I think given the strategic value of southern Iraqi oil, I am not sure the USG would be ready to consciously cede control in southern Iraq to Iran, which will almost inevitably follow if the central govt gets very weak.

jeudi 21 juin 2012

Human Rights Situation In Iraq Remains Poor

Recently, the United Nations and the State Department issued reports on human rights within Iraq. Both said that the country had a poor record. Freedom of the press, assembly, and expression, along with women and minority rights were all threatened, and the country lacked a functioning justice and prison systems. This was due to not only the on going violence within the country, but corruption and government dysfunction. Both organizations believed that the situation would continue. Not only has the government’s promises of improving its human rights situation proved hollow, but no official has ever been punished for their actions, while insurgents still carry out their daily terrorist attacks. These are all threats to not only the average Iraqi, but to the country’s nascent democracy, because without these basic freedoms, a society will not develop that can sustain its new political system.


Iraq remains one of the deadliest countries in the world, despite the drastic decline in violence. In 2011, the United Nations Assistance Mission for Iraq (UNAMI) recorded 2,771 civilian deaths. That was down from 2,953 in 2010. The Human Rights Ministry counted 2,781 deaths last year, and 10,386 wounded. In comparison, Iraq Body Count had 4,087 casualties in 2011, which was a slight increase from 4,045 in 2010. Both were far below the civil war years when the organization had 15,755 killed in 2005, 28,621 in 2006, and 25,129 in 2007. Despite the decline in attacks, Iraq still ranks as one of the highest civilian casualty counts per capita in the world according to the United Nations. Violence is also not evenly distributed throughout the country. Most attacks occur in the central part of Iraq with Baghdad being the deadliest. The north and south are relatively quiet in comparison. The reason for the continued attacks is that the insurgency has proven to be very resilient. Despite its setbacks, militants have been able to adapt to their losses, and sustain their operations into the present day. With the Americans having withdrawn their military, the Iraqi security forces have also reverted back to more traditional military tactics. They now are mostly reactive, arresting people after an attack hoping to catch the culprits, because they no longer have the support necessary from the U.S. to conduct counterinsurgency operations. That means that security is likely to remain at the current levels into the foreseeable future. The insurgency has learned to operate in their new environment, while the police and army no longer have the means to roll them back. Iraqis will continue to die in the hundreds each year as a result.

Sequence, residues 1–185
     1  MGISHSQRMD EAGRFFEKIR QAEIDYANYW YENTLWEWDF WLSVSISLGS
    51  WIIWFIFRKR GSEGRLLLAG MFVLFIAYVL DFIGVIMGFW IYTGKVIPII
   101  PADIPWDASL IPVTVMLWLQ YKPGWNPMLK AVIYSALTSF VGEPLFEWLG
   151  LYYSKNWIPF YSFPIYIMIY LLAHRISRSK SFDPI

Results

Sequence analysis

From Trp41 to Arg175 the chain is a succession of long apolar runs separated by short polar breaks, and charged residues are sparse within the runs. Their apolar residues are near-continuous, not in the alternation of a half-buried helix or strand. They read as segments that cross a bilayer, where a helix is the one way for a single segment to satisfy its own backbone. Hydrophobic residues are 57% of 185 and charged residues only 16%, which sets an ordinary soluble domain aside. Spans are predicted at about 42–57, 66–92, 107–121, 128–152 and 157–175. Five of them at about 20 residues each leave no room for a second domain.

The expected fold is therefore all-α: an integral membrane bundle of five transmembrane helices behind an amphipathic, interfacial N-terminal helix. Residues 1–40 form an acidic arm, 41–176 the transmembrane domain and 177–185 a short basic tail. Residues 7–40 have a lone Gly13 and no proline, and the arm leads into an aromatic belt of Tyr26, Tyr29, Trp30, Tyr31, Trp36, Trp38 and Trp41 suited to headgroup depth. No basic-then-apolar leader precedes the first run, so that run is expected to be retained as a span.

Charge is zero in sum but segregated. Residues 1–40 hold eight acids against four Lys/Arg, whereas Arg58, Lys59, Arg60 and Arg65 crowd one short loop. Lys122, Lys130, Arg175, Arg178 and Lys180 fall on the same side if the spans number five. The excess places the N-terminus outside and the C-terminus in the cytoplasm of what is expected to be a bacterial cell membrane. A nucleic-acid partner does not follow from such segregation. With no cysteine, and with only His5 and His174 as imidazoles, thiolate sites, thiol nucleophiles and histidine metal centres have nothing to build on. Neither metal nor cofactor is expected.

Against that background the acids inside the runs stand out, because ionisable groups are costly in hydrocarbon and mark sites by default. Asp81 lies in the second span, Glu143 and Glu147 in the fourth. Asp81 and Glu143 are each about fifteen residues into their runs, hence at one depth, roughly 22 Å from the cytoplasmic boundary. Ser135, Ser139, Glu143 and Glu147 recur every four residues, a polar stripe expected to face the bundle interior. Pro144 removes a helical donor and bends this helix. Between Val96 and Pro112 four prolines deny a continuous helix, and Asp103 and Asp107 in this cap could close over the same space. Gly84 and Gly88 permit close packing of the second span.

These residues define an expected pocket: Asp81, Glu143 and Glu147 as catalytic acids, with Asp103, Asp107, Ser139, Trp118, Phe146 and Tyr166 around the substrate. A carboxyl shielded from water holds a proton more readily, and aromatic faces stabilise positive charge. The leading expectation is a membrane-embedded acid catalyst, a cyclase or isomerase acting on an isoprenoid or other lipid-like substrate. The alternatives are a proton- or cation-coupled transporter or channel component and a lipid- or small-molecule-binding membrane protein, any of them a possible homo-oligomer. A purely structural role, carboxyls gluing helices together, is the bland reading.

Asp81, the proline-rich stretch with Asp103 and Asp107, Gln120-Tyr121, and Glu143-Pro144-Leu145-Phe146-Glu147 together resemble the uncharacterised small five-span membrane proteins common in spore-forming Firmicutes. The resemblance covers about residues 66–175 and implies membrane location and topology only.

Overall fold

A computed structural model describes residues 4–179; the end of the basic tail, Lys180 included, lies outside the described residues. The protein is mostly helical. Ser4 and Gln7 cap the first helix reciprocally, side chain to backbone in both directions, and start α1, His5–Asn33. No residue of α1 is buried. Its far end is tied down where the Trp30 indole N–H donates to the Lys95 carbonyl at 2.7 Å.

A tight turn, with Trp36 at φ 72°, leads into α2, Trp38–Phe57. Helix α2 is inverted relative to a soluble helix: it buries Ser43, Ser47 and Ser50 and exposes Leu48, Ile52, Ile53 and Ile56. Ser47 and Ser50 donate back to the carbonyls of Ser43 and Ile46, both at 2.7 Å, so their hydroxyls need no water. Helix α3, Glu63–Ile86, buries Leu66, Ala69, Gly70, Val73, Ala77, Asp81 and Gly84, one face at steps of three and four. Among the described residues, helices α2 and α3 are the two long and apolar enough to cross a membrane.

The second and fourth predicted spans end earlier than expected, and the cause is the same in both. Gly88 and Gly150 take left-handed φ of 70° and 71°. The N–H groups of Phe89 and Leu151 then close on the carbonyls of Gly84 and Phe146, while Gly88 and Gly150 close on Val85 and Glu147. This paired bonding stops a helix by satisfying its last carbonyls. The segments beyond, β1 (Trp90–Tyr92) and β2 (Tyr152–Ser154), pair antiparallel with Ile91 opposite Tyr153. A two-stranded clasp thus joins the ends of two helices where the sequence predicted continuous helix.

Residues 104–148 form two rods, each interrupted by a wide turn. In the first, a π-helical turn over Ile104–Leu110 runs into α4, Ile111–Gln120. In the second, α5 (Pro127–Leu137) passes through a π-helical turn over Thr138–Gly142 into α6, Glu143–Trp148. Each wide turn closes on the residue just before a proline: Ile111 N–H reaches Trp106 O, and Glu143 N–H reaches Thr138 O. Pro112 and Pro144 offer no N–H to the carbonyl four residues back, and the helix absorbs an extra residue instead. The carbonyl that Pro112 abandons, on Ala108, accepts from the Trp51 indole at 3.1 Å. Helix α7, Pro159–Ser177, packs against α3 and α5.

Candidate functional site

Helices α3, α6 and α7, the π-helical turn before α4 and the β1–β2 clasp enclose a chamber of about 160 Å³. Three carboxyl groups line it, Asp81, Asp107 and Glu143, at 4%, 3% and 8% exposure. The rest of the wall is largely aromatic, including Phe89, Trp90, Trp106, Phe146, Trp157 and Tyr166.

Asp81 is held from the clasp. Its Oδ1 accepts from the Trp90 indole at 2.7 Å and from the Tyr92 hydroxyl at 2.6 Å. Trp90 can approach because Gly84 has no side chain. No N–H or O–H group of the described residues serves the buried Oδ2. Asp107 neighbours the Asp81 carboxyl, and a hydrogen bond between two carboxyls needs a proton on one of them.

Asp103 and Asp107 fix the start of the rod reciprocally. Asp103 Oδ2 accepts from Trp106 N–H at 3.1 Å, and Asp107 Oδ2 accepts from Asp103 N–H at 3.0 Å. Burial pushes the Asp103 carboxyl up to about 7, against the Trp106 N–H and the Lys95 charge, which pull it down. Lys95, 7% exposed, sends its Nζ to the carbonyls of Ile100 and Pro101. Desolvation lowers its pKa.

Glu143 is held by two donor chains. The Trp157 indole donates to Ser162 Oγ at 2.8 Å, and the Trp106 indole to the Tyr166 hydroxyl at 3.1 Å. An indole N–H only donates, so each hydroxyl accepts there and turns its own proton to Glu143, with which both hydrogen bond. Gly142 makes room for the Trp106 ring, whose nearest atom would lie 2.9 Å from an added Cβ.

Legal System

Another major problem in Iraq is the lack of due process. People are routinely picked up without warrants, held incommunicado, and for long periods without trials or charges, and abused. In January 2011, there were reports that the Defense Ministry was holding suspects in Camp Honor in Baghdad’s Green Zone by the Defense Ministry for over two years without ever being told why. UNAMI found two women in Kirkuk who were detained for a year with no lawyers, and waiting for a court date. Parliament’s human rights committee went to Diyala in March 2011, and discovered three-quarters of the prisoners in a jail were there for two years without going to court. In May and June, over 100 people were picked up by the 2nd Army Division in Mosul, charged with terrorism, but never appeared before an investigative judge, and were never allowed to contact anyone. People have also complained about being arrested for political and sectarian reasons. In September, police in Diyala arrested the head of the Iraqi National Movement, and held him for three months before being released. This was the second time he was detained and released that year. In October, another arrest campaign was conducted by the government with over 900 people being picked up for being alleged Baathists in Baquba, Mosul, Kirkuk, Karbala, Baghdad, Najaf, and Basra. Their family member said that they didn’t know where their relatives were being held, lawyers couldn’t get access to them, and many were forced to sign confessions, without knowledge of what was in them. A third problem was that there were cases of people being detained or held in jail, because the police wanted bribes. Fourth, lawyers have difficulties talking with their clients. There have been court proceedings with no attorneys present. Finally, the justice system is based upon confessions. That leads to abuse to obtain one. UNAMI said this arose from the fact that Iraq had a “culture of abuse” dating back to the Saddam times. Many of Iraq’s leaders grew up under dictatorships either with Saddam or in neighboring countries such as Iran or Syria. They therefore, have no idea what a fair and equal justice system is. The public has grown so use to these events that there is no pressure to change the system form them either. Being treated fairly before the law is the basis of due process. Iraq sorely lacks that with the government having the power to arrest anyone it wants, and holding them for as long as they feel. Not only that, but many innocent people are picked up, and held for extended periods of time simply because the system is so dysfunctional. This undermines a basic tenant of a democratic society.